Acclaimed worldwide in recent times, Garba empowers people by preaching the presence of divine energy within every human being. Hundreds of people come together to one place and perform in groups with stunning pomp and ceremony. While visiting West India during the festive season of October, you can watch the beautiful dance and even take part in it with locals.
Origin of GarbaThe term “Garba” comes from the Sanskrit word meaning “womb” or “deep” and bears a deep symbolic interpretation. Originating in Gujarat, this folk dance was first held in Vadodara, a city which is now regarded as the culture capital of Gujarat due to its robust religious influence. Garba is also known as Garbha, Garbha Deep and Garbhi, varying with local dialects of language. The dance celebrates fertility and is performed as a tribute to womanhood.
Significance of Garba in HinduismThe Garba dance is performed around a lantern, a vessel which represents the human body carrying the soul within. As dancers revolve around it in concentric circles, just how Hinduism depicts that time is a cycle, Garba showcases the infinite nature of birth, death and reincarnation. While the entire universe evolves and changes, Goddess Durga and her power within the souls of the dancers is eternal.
Garba in Indian MythologyIn Hindu mythology, when Goddess Durga defeated Evil, Navaratri was celebrated to commemorate her victory and Garba was an integral part of expressing the deity’s power. In the destruction she has caused on her venture for peace, her sword was the most propitious weapon in wielding rage onto the demons. Dandiya sticks used in Garba signify the goddess’ sword and invincibility.
Garba in Navratri FestivalNavratri is a Hindu festival, literally meaning “nine nights”. While this festival is celebrated in various ways across India, Gujarat follows the prime tradition of performing Garba dance for nine nights as a symbol of respect to the goddess. The dances commence late in the evening and go on till midnight. As per religious faith, men and women observe special diets throughout the nine days and nights of Navratri and consume restricted foods. Apart from Navratri, Garba is also performed during Holi, the spring festival, weddings, parties and social events.
Types of Garba DanceThe folk dance events of Garba consist of different Gujarati dance forms unified to create a snap, clap, twirl style. According to the Gujarati language, taali Garba and tran taali Garba are the two types of the dance forms meaning 2-clap Garba and 3-clap Garba respectively. It is mandatory to perform Garba barefoot and dancers do it on all kinds of surfaces. Hindus believe that this connects you with mother earth and the Goddess.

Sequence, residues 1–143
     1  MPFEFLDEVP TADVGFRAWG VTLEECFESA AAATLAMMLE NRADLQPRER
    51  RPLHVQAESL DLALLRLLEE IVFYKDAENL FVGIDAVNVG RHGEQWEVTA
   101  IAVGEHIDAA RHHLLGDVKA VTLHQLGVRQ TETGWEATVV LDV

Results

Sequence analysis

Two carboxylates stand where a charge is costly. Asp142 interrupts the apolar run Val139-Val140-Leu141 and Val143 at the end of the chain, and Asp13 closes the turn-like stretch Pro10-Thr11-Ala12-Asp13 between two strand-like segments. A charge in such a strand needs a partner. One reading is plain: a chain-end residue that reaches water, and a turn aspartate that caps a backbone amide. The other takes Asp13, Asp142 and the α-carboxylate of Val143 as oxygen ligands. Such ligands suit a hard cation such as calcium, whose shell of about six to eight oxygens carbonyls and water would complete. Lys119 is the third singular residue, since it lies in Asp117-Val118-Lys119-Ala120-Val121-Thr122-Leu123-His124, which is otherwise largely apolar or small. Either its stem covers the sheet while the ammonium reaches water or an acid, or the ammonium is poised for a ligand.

Moving counterclockwise, participants form concentric circles and each circle moves in opposite directions. Dancers begin with slow steps, gradually increasing the tempo while everybody’s feet merge into a trancelike sync. Not only is this mesmerizing to watch, but each form has extremely easy steps meant for people of all skill levels, age and abilities. Garba is quite a rigorous workout too!
Music in Garba DanceIn contrast to popular belief, Garba is not just about the dance. From ethnic Dandiya songs like Kanhaiya and O Gori to contemporary Bollywood Garba music, Gujarat introduces you to an array of upbeat music styles belonging to both urban and rural cultures. Dandiya sticks, commonly made from wood can be seen in pairs in the hands of all dancers, who wave the dandiya to choreography and create a rhythmic tempo.
Professional artists play the dhol, drum and double-reed organs or shehnai, which are all Indian percussion instruments considered to be auspicious for the event. With modernization in the early 21st century, bongos, synthesizers, harmoniums and octapads are also easy to spot.
Traditional Costumes of GarbaWhile the dance is definitely the main focus, dressing up beautifully for it is also equally important. Garba introduces you to some of India’s most exquisite ethnic attires. The traditional costume for males is kediyu which consists of a kafni pajama, a round kurta and a turban embellished with sequins for the head.
Women wear chaniya choli which is a three-piece dress with an intricately embroidered blouse with beads, tiny mirrors and shells, and a flared, long skirt with similar decoration. The dupatta or chuniya is an ornate piece of cloth draped around the head and chest by women. Little girls can be seen wearing Ghagra choli. Both men and women adorn themselves with heavy silver-plated jewellery, sparkling waist belts, maang tika, chunky metal bracelets and jhumkas or hanging earrings. Bold eyeliner or kajal and bindis are equally important parts of the Garba look.
Popular Beliefs and Notions
- One of the most confused notions is the difference between Garba dance and Dandiya dance.
- While both originate from Gujarat, they are performed on varied occasions. Dandiya is performed in praise of Lord Krishna in Vrindavan Gardens.
- Dandiya is also performed with colourful sticks while Garba involves more hand motions, clapping and circular dance formations.
- Garba is not only a festival confined to Gujarat but is prevalent across other Indian states and foreign countries like Canada, USA and Netherlands.